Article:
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Leukemias (Butterworths International Medical Reviews—Haematology 1)

British Journal of Cancer
Nature Publishing Group
Publication Date
  • Book Review
  • Biology
  • Medicine
  • Pharmacology
  • Psychology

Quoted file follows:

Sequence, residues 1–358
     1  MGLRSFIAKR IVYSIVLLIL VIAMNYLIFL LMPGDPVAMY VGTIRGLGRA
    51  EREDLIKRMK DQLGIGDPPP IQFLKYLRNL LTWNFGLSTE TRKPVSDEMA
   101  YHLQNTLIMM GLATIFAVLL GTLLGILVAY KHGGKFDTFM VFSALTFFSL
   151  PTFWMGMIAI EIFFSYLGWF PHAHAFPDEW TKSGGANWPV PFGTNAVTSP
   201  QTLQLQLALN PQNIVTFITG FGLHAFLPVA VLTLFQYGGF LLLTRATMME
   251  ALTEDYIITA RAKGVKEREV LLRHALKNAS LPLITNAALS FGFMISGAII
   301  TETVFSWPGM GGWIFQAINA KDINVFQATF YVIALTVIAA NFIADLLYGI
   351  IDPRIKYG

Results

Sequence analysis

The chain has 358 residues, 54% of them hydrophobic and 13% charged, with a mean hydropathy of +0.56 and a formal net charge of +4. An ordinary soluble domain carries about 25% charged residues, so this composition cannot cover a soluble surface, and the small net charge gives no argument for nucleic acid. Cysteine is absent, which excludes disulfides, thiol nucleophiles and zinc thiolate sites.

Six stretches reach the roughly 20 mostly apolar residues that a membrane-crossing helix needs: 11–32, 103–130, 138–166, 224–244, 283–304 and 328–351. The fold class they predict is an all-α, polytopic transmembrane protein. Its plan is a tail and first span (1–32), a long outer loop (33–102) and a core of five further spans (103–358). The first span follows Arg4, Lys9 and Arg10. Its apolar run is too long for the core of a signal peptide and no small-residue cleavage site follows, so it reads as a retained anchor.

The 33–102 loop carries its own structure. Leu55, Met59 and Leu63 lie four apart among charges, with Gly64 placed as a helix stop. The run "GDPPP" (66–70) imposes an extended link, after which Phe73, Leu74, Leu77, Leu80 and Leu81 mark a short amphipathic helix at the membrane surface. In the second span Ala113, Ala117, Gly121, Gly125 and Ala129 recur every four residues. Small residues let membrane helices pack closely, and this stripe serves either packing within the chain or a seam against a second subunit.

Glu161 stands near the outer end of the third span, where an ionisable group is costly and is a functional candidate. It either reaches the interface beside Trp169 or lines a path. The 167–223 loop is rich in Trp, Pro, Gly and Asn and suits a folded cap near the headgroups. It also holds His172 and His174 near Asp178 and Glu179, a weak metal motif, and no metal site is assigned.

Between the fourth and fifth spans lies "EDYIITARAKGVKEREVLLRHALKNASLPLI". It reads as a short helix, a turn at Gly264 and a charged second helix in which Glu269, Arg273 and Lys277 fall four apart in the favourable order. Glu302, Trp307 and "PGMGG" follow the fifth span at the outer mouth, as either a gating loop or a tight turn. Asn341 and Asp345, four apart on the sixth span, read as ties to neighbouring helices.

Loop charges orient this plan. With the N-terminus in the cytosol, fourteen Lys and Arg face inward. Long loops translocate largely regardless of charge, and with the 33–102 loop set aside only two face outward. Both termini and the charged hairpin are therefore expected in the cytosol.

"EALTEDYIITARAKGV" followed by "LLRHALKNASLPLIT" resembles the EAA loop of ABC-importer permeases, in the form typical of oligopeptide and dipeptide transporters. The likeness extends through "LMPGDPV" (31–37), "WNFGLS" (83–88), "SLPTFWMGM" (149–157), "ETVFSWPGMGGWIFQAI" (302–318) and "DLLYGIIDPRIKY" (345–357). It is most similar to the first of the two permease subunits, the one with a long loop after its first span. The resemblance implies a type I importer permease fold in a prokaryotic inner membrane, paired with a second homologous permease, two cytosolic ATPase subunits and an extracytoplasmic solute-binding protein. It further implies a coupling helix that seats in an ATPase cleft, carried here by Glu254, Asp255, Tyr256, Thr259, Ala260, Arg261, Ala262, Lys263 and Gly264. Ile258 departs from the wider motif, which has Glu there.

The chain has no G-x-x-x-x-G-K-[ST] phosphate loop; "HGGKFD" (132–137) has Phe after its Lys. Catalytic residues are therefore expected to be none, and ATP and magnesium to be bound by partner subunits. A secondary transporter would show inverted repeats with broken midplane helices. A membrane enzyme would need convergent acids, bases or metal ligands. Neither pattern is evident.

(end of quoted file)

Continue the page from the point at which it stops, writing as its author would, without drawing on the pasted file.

Br. J. Cancer (1985), 51, 143 Book Review (Editorial Assistant, R. Tully) Leukemias (Butterworths International Medical Reviews-Haematology 1). J.M. GOLDMAN & H.D. PREISLER, UK, Butterworths & Co. Ltd., 372 pp, 1984, £29.00. ISBN 0 407 02336 4. This is the first of a series of topical reviews in Haematology to be published by Butterworths. The book represents a collaborative Anglo-American effort, and has 24 contributors. The editors suggest that it might find a niche somewhere between the major text books on general haematology and the authoratitive monograph on leukaemia by Dameshek and Gunz, which, now in its 4th edition, has recently been reviewed in these columns. The present book is eminently readable and, with one or two exceptions, covers the subject adequately in just over 350 pages. Two chapters are devoted to each of the four major types of leukaemia, and there is an excellent chapter on retroviruses in the leukaemia of animals and man, and another on the pharmacology of the many types of cytotoxic drugs now used in treatment. There is a concise account of the present role of bone marrow transplantation in the various types of leukaemia, which will be of particular value to the non-specialist in the field, while the book concludes with a useful contribution on the crucial role of supportive therapy in leukaemia. Curiously, psychological support is not discussed in this section, although it does receive brief mention elsewhere. The important problem of surgery in leukaemic patients - often omitted in other texts - is tackled, but not the management of leukaemia in pregnancy, another difficult practical problem overlapping the clinical disciplines. A subject which is largely neglected is that of the management of pre-leukaemic myelodysplasia. One recent survey suggests that this type of disease is almost as common as chronic lymphocytic leukaemia in elderly populations; an account of attempts to use inducing agents, such as small doses of cytosine arabinoside, in the management of these

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